*I receive emails about life here in South Korea and I wanted to share some of them because I am quite sure that many people have questions about Korea and may be afraid to ask them. This week I will be answering questions about various questions people have about life here in South Korea. Hopefully, this will answer some lingering questions that anyone may have, but just haven't asked :)
South Korea is the same as living in the United States. The only difference is the culture and customs. In order to live in another country you must have an open mind.
Questions from "Anonymous" United States of America, Louisiana
No, it was not a difficult transition for me. I would get in my moods where I feel lonely or depressed because this is the furthest I have been away from my friends and family for a long period of time, but then I get over it because I am living in Korea! I love my life! and it is only for 1 year. The year goes by so fast you won't even realize that you have been gone for 1 year. I am blessed to be here and I get to talk to my friends and family everyday as if I were back home. I have friends here, but I do not get to see them often because we all live so far apart, so whether you have friends here or not does not make a difference. It is easy to make friends here and I have many friends here of all races. The Korean people are really friendly, well at least the ones I have come across and met :) I also spend majority of my time to myself, doing the things I like to do and just enjoying each day and each moment because this is a once in a lifetime opportunity.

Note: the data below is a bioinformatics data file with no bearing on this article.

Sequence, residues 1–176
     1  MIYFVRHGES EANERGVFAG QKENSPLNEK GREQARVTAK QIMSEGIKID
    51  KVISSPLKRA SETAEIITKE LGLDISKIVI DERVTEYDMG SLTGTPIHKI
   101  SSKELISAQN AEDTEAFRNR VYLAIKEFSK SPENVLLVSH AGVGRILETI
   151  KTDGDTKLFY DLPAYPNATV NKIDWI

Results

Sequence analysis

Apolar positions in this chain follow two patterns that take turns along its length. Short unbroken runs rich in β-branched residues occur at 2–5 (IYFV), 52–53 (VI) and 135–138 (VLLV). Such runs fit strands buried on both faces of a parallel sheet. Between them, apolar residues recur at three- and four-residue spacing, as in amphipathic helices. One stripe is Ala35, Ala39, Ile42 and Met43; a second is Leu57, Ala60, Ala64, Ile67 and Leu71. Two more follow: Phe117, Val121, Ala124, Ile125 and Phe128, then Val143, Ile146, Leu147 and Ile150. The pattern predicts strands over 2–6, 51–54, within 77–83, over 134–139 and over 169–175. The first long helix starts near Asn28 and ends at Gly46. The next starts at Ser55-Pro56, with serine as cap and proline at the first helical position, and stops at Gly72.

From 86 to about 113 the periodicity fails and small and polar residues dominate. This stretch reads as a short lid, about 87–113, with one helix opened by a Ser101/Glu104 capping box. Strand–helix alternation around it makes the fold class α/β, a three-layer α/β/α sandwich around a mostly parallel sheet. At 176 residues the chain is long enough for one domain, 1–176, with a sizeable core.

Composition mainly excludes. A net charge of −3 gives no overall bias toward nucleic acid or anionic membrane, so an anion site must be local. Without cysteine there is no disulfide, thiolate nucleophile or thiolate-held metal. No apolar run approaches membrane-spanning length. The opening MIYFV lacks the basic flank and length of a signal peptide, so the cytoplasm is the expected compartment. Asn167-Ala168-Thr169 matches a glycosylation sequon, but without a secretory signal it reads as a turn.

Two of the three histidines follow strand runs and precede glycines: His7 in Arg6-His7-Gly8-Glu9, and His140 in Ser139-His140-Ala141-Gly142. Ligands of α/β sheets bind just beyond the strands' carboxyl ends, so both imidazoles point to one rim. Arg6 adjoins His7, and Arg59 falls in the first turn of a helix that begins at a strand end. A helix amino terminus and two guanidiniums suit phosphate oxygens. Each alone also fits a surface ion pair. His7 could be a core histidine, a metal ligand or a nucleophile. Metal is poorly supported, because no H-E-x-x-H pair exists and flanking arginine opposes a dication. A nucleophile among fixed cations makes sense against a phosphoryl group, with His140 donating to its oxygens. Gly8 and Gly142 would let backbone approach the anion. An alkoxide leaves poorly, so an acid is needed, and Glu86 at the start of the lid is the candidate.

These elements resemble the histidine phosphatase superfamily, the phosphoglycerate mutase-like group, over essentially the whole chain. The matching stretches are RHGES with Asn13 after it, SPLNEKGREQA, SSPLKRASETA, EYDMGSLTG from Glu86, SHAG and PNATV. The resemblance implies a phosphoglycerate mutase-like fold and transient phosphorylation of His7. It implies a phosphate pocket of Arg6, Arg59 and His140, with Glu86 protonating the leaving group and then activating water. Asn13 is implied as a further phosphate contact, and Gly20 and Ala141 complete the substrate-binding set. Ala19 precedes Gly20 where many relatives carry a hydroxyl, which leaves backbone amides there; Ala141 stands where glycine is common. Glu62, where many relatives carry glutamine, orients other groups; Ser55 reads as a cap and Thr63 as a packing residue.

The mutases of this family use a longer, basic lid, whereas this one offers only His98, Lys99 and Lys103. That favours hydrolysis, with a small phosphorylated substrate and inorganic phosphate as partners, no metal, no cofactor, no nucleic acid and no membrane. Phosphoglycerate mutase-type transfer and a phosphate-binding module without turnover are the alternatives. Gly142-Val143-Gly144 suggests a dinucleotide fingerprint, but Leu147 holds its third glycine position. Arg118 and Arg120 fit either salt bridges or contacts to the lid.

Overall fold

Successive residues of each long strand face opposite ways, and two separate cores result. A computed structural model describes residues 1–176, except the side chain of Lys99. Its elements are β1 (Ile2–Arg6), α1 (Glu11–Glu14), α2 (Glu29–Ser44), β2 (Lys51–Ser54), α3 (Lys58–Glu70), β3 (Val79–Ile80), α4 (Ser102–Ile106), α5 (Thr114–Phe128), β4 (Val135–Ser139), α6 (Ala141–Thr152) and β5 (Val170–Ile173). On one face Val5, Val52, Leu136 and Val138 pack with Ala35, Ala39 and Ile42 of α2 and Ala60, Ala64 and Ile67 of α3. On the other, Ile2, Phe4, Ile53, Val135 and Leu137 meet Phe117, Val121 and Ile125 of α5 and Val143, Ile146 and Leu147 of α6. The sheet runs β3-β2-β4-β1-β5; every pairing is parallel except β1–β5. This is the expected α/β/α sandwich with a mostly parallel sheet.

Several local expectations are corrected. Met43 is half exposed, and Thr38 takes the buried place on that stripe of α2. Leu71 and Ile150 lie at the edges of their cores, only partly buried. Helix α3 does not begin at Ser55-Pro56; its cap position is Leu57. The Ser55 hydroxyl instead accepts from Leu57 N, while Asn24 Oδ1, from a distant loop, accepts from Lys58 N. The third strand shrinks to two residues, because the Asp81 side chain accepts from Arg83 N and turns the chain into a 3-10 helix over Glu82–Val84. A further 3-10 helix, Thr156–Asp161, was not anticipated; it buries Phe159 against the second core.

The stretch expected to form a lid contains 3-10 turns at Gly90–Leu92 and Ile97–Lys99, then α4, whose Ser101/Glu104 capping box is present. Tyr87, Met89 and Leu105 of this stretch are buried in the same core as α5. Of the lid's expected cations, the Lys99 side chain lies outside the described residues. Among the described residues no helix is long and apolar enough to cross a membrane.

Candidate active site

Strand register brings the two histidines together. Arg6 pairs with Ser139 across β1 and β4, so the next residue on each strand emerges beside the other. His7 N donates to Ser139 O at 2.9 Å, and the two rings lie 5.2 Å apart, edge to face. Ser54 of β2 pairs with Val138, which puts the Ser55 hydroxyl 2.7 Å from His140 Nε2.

1. Was it extremely hard to adjust to life in South Korea? I am worried that I will hate it and be stuck there in a deep depression for a year! You seem to have adjusted well to the move. Is it because you have friends there with you? Would it be different if you didn’t?
2. Are there other African-Americans out there? [I’m afraid that I won’t have anyone that looks like me out there…]
YES! There are many African-Americans here. I can put you in touch with some, if you decide to come here. Don't worry there will be plenty of folk who look like you when you get here. BUT don't let that be a discouragement or a determining factor for you to come or not come...the most important thing you have to have when you come to Korea or any foreign country is to have an open mind. What I mean by that is don't be afraid to meet new people and try new things, if that is something that you are not open too, then traveling abroad is probably not the best thing for you to do.
Travel is fatal to prejudice, bigotry, and narrow-mindedness, and many of our people need it sorely on these accounts. Broad, wholesome, charitable views of men and things cannot be acquired by vegetating in one little corner of the earth all one's lifetime.